May 29, 2024 | Mars Express mission

Virtual flight around the grabens of Nili Fossae

The Nili Fossae grabens on Mars
The grabens of Nili Fossae stretch for several hundred kilometres along the eastern side of the massive impact basin Isidis Planitia, forming a concentric pattern that runs parallel to the basin's boundary.
Credit:

ESA/DLR/FU Berlin & NASA/JPL-Caltech/MSSS, CC BY-SA 3.0 IGO

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  • This new video was created using the High Resolution Stereo Camera (HRSC) developed by DLR for the Mars Express mission.
  • It shows the grabens of Nili Fossae, which extend for several hundred kilometres along the Isidis Planitia impact basin.
  • In recent years, observations with spectrometers from orbit have focussed heavily on this area, as a wide variety of minerals have been identified here.
  • Focus: spaceflight, Mars

Nili Fossae is a group of large, concentric grabens located near the Syrtis Major region on Mars. The trenches extend for several hundred kilometres along the northeast side of the Isidis Planitia impact basin. This video was created using data acquired by the High Resolution Stereo Camera (HRSC) developed by the German Aerospace Center (Deutsches Zentrum für Luft- und Raumfahrt; DLR) and built in cooperation with German industrial partners on board the European Space Agency (ESA) Mars Express spacecraft. It is based on a mosaic of images taken by the HRSC from an altitude of approximately 350 kilometres above the surface of the Red Planet.

The film begins with a virtual approach from the south, initially heading north and then turning back towards the south. At the end of the video, you gain altitude and get an overview of the 'Trenches of Nili'. In the final scene, the Jezero crater, a former lake, is visible at the bottom centre, where the Mars 2020 mission has been searching for traces of life with the Perseverance rover since 2021.

A bird's eye view of the Nili trenches
This virtual tour of the surface of Mars was created using data from DLR's High Resolution Stereo Camera (HRSC) on board the European Space Agency (ESA) Mars Express spacecraft. The trench fractures of Nili Fossae are visible. The grabens of Nili Fossae stretch for several hundred kilometers along the eastern side of the massive impact basin Isidis Planitia, forming a concentric pattern that runs parallel to the basin's boundary; this suggests that the rifts originated due to tensile tension resulting from settling in the martian crust after the Isidis impact. The image mosaic was combined with topography information from the digital terrain model (DTM) calculated for this area to create a three-dimensional view of the landscape.
Credit:

ESA/DLR/FU Berlin & NASA/JPL-Caltech/MSSS, CC BY-SA 3.0 IGO

Mineral diversity at the heart of research

The grabens of Nili Fossae stretch for several hundred kilometers along the eastern side of the massive impact basin Isidis Planitia, forming a concentric pattern that runs parallel to the basin's boundary; this suggests that the rifts originated due to tensile tension resulting from settling in the martian crust after the Isidis impact. After huge, iron-rich, heavy lava deposits pushed the several kilometre-deep basin further down at the boundary between the martian highlands and lowlands, tensile stresses built up in the martian crust and led to these extensional fractures. Similar stress cracks were also observed in the Amenthes Fossae, the counterpart of the Nili Fossae, on the opposite south-east side of Isidis Planitia.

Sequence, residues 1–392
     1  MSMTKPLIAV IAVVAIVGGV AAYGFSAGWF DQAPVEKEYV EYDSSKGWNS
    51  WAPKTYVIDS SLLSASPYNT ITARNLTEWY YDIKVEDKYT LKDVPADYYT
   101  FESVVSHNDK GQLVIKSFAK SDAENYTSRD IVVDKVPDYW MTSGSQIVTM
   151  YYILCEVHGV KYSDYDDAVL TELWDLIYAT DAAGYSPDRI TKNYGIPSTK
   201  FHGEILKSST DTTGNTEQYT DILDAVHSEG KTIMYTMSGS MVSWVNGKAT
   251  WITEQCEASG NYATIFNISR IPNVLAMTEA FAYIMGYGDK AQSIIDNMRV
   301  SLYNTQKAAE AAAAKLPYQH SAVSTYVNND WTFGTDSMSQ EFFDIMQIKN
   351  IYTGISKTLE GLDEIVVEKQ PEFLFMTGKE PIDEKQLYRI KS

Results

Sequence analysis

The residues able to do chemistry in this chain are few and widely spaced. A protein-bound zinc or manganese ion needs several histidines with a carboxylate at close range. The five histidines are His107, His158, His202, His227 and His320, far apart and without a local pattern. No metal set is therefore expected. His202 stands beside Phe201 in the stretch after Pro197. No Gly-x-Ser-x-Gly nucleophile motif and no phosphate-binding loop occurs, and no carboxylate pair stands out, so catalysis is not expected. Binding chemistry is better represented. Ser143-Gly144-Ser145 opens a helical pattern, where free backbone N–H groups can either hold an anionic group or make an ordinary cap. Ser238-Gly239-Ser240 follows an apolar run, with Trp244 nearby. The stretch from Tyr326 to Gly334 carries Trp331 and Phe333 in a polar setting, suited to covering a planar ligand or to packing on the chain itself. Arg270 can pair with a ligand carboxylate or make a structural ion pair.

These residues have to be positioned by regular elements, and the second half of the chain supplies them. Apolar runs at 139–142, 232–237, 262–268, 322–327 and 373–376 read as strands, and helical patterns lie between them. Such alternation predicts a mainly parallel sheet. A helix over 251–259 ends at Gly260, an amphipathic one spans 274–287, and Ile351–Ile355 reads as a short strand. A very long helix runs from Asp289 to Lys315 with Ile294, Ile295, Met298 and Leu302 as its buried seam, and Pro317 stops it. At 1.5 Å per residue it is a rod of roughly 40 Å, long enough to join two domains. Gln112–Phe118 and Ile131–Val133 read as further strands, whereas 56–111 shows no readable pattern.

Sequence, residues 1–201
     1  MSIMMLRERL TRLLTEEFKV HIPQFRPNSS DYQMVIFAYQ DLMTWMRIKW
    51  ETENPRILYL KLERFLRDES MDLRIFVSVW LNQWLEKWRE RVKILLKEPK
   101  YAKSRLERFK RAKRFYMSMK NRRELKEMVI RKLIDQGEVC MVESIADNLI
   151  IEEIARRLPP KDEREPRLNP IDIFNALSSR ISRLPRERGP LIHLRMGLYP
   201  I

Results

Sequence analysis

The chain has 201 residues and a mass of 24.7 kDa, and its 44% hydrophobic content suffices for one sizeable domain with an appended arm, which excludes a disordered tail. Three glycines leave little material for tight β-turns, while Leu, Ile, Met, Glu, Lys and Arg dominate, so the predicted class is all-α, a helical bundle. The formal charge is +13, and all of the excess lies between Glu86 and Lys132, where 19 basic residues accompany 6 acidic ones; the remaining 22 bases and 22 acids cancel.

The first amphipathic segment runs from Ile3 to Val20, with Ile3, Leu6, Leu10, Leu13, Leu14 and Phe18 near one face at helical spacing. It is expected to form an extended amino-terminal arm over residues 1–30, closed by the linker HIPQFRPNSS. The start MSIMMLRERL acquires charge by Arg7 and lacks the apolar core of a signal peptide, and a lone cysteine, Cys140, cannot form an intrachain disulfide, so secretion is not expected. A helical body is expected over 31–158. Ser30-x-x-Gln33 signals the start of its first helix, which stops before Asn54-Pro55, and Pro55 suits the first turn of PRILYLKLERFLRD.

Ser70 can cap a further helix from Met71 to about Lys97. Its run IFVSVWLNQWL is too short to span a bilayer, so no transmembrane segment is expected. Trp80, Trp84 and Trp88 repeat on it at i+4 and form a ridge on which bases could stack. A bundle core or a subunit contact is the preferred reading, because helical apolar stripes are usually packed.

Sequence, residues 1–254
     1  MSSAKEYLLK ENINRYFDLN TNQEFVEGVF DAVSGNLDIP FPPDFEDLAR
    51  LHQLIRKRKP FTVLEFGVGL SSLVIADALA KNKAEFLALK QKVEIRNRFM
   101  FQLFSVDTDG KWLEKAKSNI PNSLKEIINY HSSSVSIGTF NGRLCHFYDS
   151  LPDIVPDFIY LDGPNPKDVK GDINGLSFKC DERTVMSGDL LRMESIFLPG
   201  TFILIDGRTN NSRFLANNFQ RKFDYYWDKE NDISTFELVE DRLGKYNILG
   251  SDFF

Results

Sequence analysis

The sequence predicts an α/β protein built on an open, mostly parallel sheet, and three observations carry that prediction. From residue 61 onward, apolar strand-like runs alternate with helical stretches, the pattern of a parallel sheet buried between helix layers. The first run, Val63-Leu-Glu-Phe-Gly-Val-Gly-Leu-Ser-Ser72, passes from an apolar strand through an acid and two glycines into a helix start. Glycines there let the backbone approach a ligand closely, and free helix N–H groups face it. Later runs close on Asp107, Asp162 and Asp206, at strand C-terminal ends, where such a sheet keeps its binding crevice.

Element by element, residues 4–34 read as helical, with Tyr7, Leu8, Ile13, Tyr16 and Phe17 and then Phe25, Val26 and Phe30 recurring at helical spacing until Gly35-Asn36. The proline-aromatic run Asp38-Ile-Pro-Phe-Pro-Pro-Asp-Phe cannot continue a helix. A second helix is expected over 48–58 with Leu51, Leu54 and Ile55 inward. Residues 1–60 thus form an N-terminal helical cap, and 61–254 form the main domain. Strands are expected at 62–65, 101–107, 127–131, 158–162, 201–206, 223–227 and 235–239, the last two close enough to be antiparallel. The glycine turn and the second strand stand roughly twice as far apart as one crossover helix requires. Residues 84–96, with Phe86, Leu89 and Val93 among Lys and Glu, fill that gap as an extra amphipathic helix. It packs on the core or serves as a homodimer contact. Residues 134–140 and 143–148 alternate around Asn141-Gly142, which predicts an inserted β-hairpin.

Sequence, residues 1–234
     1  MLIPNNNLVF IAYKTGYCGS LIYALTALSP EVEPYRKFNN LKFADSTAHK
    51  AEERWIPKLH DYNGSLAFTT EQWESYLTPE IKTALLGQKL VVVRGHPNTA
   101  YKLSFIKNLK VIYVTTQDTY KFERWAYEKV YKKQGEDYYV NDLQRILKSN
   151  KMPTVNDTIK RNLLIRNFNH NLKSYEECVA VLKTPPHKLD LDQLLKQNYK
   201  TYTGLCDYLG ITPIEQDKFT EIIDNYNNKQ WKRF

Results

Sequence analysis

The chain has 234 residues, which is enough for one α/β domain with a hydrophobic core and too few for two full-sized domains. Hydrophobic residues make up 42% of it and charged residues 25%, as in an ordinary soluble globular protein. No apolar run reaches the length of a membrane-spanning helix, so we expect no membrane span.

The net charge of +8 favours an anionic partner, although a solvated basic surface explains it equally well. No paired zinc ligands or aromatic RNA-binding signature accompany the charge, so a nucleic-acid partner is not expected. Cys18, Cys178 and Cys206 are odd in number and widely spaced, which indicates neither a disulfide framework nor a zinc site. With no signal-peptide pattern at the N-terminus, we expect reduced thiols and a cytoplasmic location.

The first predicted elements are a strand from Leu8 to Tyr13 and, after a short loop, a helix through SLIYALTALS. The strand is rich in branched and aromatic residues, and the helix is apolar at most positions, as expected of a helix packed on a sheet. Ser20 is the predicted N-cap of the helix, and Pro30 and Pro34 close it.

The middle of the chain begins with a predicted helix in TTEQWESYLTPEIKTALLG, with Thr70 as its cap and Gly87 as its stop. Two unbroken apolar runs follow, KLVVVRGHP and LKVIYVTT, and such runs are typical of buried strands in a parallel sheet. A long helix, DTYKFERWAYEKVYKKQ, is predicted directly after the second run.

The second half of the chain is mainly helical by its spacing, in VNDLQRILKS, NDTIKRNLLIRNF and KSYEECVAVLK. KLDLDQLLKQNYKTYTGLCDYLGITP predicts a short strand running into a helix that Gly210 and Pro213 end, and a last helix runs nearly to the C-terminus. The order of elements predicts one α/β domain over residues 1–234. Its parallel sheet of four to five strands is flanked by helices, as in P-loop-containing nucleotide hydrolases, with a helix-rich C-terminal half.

In recent years, spectrometer observations from orbit have focused heavily on Nili Fossae due to the wide variety of minerals that have been discovered in this area. These include silicates, carbonates and clay minerals. The originally present, often volcanic minerals have undergone several transformations due to the presence of water throughout the history of Mars and have been weathered into these new mineral groups. It is believed that this water not only flowed over Mars' surface, but was also active, forming hydrothermal solutions below the surface that were heated by volcanic activity.

Image processing

The image mosaic image was combined with topography information from the digital terrain model (DTM) calculated for this area to create a three-dimensional landscape. For every second of the film, 50 individual frames were created digitally, following a predefined scenic camera path. The vertical exaggeration used for the animation is threefold. Atmospheric effects – clouds and haze at a viewing distance of 50 kilometres – were added to conceal the limits of the terrain model. The HRSC mosaics used here are from the HMC30 product family. It comprises large-scale mosaics of DTMs and georeferenced black-and-white and colour images of various regions of Mars.

Link to the HRSC Mars Chart (HMC30) products and detailed description.
(The Nili Fossae region is located in quadrangle MC13E)

Further HRSC products and image strips for download

Related links

The HRSC experiment on Mars Express

The High Resolution Stereo (HRSC) was developed at the German Aerospace Center (DLR) and built in cooperation with industrial partners (EADS Astrium, Lewicki Microelectronic GmbH and Jena-Optronik GmbH). The science team, led by Principal Investigator (PI) Daniela Tirsch from the DLR Institute of Planetary Research, consists of 52 co-investigators from 34 institutions and 11 nations. The camera is operated by the DLR Institute of Planetary Research in Berlin-Adlershof.

Contact

Michael Müller

Editor
German Aerospace Center (DLR)
Corporate Communications
Linder Höhe, 51147 Cologne
Tel: +49 2203 601-3717

Daniela Tirsch

Principal Investigator HRSC
German Aerospace Center (DLR)
Institute of Planetary Research
Rutherfordstraße 2, 12489 Berlin
Germany

Ulrich Köhler

German Aerospace Center (DLR)
Institute of Planetary Research
Rutherfordstraße 2, 12489 Berlin